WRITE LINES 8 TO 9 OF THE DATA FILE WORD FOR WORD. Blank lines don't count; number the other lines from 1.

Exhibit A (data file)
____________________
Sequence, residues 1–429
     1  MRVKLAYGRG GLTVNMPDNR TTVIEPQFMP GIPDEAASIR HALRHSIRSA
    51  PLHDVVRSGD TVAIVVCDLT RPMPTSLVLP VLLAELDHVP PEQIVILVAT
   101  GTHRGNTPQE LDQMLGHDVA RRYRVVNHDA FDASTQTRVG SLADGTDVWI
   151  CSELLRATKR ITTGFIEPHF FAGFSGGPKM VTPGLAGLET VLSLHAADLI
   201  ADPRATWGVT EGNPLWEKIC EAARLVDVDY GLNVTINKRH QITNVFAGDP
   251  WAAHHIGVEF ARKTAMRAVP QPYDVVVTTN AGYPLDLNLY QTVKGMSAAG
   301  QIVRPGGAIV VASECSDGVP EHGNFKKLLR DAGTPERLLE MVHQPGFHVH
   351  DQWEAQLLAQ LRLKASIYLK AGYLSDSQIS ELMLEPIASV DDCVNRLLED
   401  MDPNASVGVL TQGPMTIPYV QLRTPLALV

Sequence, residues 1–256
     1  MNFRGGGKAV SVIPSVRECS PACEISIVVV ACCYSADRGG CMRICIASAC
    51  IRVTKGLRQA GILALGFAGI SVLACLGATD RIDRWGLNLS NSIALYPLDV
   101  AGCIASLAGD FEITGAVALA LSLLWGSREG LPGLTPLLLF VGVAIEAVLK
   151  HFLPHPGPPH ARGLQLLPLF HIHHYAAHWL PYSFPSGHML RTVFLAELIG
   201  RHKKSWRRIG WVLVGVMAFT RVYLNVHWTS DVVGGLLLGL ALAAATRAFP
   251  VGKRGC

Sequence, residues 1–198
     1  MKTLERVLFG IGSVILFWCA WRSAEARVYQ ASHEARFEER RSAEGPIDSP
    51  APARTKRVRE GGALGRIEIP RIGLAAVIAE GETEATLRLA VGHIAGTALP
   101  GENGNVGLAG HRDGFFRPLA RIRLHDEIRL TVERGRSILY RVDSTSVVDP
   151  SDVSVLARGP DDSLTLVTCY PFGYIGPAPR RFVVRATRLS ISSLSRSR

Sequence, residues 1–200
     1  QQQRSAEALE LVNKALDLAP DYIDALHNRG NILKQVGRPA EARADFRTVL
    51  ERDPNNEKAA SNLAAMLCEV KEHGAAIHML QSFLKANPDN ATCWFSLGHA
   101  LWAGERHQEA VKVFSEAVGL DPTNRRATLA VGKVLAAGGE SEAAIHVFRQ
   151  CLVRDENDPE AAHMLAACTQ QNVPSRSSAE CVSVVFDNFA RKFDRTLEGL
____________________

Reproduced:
   301  QIVRPGGAIV VASECSDGVP EHGNFKKLLR DAGTPERLLE MVHQPGFHVH
   351  DQWEAQLLAQ LRLKASIYLK AGYLSDSQIS ELMLEPIASV DDCVNRLLED